Image via Apollo Video Technology.

Those bus cameras you may assume will protect you, or at least help you prosecute a criminal after the fact, may do neither.PubliCola has learned that when a gunman shot a Metro driver downtown earlier this week and fled onto another Metro bus, both of the cameras that could have recorded the incident were broken.

PubliCola has learned that when a gunman shot a Metro driver downtown earlier this week and fled onto another Metro bus, both of the cameras that could have recorded the incident were broken.

Metro spokesman Jeff Switzer confirms that due to a "hard drive error" on both cameras, "when we went to retrieve the video ... we were unable to retrieve it. The vendor tried to retrieve the video, and they were unsuccessful." 

Switzer did not know if both cameras simply failed to record, or if they recorded but subsequently malfunctioned, making the video impossible to retrieve.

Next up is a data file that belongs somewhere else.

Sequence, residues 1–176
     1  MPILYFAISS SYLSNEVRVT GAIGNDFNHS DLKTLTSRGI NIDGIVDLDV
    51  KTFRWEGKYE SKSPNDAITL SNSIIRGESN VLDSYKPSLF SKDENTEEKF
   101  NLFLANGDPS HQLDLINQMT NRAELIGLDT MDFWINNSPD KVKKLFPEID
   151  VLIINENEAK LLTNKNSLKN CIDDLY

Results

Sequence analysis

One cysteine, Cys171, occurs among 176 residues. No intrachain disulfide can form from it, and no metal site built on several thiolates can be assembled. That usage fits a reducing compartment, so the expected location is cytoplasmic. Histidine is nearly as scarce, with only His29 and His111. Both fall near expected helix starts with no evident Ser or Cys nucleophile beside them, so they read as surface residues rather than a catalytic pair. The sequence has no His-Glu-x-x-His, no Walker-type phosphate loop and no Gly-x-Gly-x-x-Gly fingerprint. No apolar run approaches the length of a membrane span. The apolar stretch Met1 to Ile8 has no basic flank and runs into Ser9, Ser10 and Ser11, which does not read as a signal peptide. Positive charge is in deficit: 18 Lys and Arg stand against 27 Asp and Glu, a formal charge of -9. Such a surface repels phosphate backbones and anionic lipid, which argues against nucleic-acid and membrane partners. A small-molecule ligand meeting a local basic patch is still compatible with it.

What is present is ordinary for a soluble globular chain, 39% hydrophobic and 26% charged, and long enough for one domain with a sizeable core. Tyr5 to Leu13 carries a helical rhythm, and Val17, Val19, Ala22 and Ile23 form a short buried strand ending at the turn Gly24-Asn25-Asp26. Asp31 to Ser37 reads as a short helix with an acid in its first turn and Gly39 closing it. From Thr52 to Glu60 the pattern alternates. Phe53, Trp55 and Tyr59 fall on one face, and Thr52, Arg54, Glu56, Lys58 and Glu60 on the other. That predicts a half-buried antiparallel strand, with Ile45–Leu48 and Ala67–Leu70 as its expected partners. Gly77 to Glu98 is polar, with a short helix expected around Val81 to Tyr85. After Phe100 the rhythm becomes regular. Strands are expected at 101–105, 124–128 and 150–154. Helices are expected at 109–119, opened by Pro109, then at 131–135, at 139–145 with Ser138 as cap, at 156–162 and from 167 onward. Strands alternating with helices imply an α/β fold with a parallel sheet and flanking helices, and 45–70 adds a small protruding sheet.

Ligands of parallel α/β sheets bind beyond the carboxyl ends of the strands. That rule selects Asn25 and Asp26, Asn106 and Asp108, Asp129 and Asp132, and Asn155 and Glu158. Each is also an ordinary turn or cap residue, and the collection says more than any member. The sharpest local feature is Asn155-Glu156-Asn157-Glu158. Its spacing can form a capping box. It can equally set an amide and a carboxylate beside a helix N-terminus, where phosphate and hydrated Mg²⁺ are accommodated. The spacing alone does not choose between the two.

We have a call out to Apollo Video Technology, the Bothell company that provides Metro's cameras; their website promises "industry-leading quality, proven reliability" and "long-lasting performance."

Switzer says King County has launched a review of its bus camera maintenance program to see how often Metro maintenance workers check them to make sure they're working properly, among other things. "We're going to be looking at whether the cameras on the buses are working," Switzer says. 

He says the county doesn't know how many bus cameras are broken.

About 40 percent of Metro buses, or about 550, are equipped with cameras. 

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